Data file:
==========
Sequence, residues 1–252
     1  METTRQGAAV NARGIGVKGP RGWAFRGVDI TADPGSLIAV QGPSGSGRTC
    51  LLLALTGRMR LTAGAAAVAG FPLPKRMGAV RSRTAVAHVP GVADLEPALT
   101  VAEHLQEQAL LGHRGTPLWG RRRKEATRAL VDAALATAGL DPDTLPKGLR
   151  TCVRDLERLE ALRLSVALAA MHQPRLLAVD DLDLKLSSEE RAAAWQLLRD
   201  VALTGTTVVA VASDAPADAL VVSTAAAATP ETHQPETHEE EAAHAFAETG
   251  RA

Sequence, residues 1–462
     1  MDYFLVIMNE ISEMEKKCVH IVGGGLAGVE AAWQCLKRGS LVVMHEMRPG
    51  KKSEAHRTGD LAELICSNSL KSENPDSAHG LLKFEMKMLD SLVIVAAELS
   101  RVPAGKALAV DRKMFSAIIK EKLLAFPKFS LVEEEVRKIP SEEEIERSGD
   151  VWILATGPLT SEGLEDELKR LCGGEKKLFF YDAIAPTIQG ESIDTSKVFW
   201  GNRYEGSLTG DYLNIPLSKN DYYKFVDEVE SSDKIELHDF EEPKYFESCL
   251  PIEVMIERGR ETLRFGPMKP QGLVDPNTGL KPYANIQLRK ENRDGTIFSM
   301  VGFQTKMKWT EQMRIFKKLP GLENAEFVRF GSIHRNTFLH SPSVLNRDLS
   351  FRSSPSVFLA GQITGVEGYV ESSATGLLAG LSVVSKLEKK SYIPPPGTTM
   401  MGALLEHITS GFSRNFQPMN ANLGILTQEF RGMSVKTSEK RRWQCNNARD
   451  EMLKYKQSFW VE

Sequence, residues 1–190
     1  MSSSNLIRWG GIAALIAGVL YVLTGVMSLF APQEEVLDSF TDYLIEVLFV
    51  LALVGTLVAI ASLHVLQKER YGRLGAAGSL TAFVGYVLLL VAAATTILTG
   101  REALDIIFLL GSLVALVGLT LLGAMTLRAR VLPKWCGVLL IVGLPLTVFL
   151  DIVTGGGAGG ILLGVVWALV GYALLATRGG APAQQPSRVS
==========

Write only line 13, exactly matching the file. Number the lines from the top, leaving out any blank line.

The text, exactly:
   201  GNRYEGSLTG DYLNIPLSKN DYYKFVDEVE SSDKIELHDF EEPKYFESCL